By Ruy Teixeira
In TDS’s premiere issue, I observed that “[t]he old debates between ‘populists’ and ‘New Democrats’ have clearly run out of gas” and that the contributors to our initial issue had, refreshingly, “focused their attention on providing concrete suggestions on where and how the party can focus its energies to be more effective”, instead of re-fighting those old battles. I thought it would be interesting to revisit these suggestions–which struck me as potential points of unity among Democrats–and see how they look in the aftermath of this election.
Here are the seven points of unity from my initial article and how they look today.
- Make Elections Fair and Clean. Who could argue with this? While the 2006 elections were not without their flaws (e.g., Florida-13), it seems fair to say that, by and large, these elections were reasonably clean. It also seems fair to say that Democratic vigilance helped make this happen and more of the same is in order in future elections.
- Support and Promote Unions. Always a good idea, it seems an even better one for Democrats after an election in which union household voters supported Democratic House candidates by a very wide 64-34 margin (68-30 among actual union members) and represented nearly a quarter (23 percent) of all voters. Time to really pump up the pressure for EFCA (the Employee Free Choice Act), which would allow “card-check” recognition of unions and make it a great deal easier for workers to join them. This reform is now supported throughout the Democratic Party, including by many, like Al From of the DLC, who have clashed in the past with the union wing of the Party.
- Catch the Demographic Wave. And it looks like the Democrats are catching it. In my earlier article, I noted that a surge toward Democrats among Hispanics appeared likely given their disenchantment with Bush and the Iraq war, as well as the GOP’s anti-immigrant politics, and I cited a poll showing Democrats running 40 points ahead of Republicans among Hispanics in the generic congressional ballot. Pretty close! According to the exit polls, Hispanics favored Democrats by a 39-point margin (69-30). No one in the Democratic Party can reasonably dispute anymore that effort put into mobilizing Hispanics is effort well-spent.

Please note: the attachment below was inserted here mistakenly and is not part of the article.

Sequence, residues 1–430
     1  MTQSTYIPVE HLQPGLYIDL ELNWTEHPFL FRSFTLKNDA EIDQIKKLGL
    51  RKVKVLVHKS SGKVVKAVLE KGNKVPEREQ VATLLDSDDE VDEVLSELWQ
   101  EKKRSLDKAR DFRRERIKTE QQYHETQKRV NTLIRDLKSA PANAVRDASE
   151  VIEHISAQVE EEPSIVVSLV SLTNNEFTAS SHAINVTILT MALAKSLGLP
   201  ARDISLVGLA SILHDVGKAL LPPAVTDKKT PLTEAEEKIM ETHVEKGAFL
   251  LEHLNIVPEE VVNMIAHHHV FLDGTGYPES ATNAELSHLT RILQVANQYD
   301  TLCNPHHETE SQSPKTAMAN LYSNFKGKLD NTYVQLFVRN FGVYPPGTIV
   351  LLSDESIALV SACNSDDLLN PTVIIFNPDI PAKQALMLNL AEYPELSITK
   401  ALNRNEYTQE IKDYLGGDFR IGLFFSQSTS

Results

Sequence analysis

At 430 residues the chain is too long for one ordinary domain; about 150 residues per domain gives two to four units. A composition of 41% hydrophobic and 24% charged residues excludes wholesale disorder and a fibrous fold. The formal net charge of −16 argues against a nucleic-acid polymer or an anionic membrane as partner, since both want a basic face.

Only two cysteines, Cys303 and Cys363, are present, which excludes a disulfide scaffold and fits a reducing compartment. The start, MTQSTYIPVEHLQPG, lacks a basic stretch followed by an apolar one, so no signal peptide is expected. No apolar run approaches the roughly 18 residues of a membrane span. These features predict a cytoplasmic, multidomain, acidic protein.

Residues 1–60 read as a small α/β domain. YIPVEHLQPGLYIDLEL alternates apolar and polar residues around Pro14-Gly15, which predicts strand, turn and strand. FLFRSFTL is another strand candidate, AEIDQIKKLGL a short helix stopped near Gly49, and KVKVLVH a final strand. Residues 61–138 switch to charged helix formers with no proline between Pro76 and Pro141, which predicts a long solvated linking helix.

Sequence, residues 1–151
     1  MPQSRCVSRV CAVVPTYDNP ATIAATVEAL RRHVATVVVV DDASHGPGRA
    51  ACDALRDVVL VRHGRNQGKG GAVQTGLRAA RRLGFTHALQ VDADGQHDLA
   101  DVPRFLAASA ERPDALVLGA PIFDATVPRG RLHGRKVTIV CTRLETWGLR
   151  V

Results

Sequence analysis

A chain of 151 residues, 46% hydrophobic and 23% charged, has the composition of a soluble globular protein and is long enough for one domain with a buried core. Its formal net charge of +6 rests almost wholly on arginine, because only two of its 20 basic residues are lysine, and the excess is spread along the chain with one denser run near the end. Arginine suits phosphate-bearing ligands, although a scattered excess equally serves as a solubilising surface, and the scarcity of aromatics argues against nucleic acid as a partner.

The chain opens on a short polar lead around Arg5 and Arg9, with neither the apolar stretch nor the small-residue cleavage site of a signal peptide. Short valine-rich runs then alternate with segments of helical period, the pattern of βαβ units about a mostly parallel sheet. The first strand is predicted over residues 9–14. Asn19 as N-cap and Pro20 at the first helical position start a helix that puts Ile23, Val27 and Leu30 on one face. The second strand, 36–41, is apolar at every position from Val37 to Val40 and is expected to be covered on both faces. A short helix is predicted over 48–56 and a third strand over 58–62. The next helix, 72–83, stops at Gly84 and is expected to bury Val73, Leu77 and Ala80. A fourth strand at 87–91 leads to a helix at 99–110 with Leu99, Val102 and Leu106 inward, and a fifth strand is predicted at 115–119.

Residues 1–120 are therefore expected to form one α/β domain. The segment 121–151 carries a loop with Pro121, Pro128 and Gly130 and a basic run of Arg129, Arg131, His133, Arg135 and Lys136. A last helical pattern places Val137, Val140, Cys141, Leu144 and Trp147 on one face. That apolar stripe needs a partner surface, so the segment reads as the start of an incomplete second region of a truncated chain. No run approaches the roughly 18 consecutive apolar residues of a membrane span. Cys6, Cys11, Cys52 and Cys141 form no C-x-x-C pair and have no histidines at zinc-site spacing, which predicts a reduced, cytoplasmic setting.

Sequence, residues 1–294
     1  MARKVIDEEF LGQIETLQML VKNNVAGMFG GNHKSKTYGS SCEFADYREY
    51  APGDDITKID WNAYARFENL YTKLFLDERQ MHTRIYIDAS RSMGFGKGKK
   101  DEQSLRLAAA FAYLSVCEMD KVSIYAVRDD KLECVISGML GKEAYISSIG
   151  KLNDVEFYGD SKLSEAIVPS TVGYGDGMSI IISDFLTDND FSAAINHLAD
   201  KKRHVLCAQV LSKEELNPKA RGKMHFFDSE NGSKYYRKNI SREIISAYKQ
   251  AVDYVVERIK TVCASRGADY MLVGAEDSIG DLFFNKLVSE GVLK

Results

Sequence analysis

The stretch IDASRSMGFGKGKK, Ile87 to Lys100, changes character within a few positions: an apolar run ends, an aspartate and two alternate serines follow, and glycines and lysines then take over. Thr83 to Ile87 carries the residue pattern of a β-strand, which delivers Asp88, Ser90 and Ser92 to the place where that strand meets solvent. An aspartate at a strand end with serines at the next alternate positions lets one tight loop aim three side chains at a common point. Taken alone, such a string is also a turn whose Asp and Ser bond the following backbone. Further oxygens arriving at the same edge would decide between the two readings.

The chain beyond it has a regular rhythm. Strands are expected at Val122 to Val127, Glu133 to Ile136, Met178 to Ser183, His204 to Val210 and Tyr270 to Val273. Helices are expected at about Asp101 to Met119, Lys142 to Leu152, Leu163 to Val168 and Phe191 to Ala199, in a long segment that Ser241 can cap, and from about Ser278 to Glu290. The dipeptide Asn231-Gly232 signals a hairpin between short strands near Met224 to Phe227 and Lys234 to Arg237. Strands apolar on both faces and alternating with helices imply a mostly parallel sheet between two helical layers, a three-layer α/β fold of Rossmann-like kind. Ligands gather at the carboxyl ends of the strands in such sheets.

- Get Back to Competence and Reforming Government. This point looks even better now. In the 2006 election, 41 percent of voters cited corruption/ethics as “extremely important” to their vote, and these voters supported Democrats by a 59-39 margin. In addition, the issue figured prominently in the Montana Senate race and may have actually been decisive in quite a few House races. As I remarked in the earlier article, “Voters are looking for change and Democrats must provide it…. Over the longer term, the ability of Democrats to promote the kind of programs they believe in, even if they are electorally successful, very much depends on building the belief among voters that government can, in fact, be competent and work well. Otherwise, voters will fear that, even with the best intentions, Democrats will wind up wasting their money.”
- Change the Map. It certainly seems like this point has been vindicated by the 2006 election results. Looking outside the obvious blue and purple target states–where the Democrats did very well indeed–they also took Senate seats in Montana and Virginia, governorships in Arkansas and Colorado, and House seats in Arizona (2), Colorado, Indiana (3), Kansas, Kentucky, North Carolina and Texas. And, in the process of gaining 321 state legislative seats nationwide and complete control of 24 state legislatures (vs. only 16 for the GOP; the rest are split), the Democrats made significant gains in Arizona, Arkansas, Colorado, Indiana, Kentucky, North Carolina, Texas, West Virginia and Wyoming (where Democrats came extremely close to also capturing that state’s lone seat in the US House). Clearly, the map has shifted in the Democrats’ favor, and the idea that Democrats should “put more and more of the country in play and allow for the building of substantial Democratic majorities, rather than razor-thin victories based on swinging a few battleground states” seems an eminently viable one.
- Go After Moderate and Independent Voters. Check again. In the earlier article, I observed that “[a] serious Democratic majority–barring radical changes in turnout by partisanship and/or ideology–needs a 5-10 point margin among independents and a 15-25 point margin among moderates.” I was, if anything, too modest in my goals! In the 2006 election, independents favored Democrats by 18 points (57-39), while moderates voted Democratic by 22 points (60-38).